Resident & Staff Physician®, December 2005, Volume 0, Issue 0

Frank A. Paul, DO, FACOEPDirector

Sean Vitale, DO

Kingman Regional Medical Center

A 54-year-old white woman presents to the emergency department with nonradiating, substernal chest pain that started 2 hours earlier. She describes the pain as sharp, achy, constant, and rates it a 7:10 on the pain scale. She denies nausea or diaphoresis. The pain is not affected by anything. She has never had her cholesterol level measured, but has a 25 pack-year smoking history and an extensive family history of coronary artery disease. Her vital signs are: blood pressure, 162/94 mm Hg; pulse 73 beats/min; temperature, 98.2?F; respiratory rate 12 breaths/min. The physical examination is remarkable only for minimally coarse breath sounds bilaterally. An electrocardiogram (ECG) is obtained (Figure).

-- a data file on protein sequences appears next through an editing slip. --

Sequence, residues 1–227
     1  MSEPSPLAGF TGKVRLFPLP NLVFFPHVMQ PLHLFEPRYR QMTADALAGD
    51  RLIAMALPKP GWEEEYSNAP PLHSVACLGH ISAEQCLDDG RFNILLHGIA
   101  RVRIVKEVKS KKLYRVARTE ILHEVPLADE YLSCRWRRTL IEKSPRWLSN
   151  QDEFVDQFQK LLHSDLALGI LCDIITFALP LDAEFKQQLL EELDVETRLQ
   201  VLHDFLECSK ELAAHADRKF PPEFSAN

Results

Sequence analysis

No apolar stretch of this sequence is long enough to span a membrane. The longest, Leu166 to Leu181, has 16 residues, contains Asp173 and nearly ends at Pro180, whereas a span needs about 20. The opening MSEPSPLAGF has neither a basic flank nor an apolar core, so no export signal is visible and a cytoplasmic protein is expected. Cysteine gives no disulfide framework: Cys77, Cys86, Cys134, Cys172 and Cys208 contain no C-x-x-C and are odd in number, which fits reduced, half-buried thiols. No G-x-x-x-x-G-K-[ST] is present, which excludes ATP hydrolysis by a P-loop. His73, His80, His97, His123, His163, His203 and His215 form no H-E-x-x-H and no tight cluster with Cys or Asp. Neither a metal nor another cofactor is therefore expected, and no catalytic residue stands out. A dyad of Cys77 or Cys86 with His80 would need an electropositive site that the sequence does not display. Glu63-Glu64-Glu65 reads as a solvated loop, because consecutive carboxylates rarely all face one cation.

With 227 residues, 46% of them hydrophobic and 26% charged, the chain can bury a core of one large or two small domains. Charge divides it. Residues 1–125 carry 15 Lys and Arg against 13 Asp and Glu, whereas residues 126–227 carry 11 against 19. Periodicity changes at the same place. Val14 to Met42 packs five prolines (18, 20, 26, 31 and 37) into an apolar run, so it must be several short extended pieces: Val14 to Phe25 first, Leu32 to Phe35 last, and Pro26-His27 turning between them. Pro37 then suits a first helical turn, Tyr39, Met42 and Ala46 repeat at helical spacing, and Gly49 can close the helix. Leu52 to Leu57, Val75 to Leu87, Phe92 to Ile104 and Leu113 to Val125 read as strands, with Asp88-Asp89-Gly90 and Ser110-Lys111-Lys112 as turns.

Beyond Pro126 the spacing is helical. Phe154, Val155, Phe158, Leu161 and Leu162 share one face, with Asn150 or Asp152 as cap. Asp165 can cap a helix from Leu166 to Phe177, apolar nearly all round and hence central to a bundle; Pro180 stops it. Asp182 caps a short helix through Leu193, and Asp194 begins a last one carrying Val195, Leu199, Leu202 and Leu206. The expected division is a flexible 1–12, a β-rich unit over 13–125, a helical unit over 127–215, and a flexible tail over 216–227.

How Would You Interpret This ECG?

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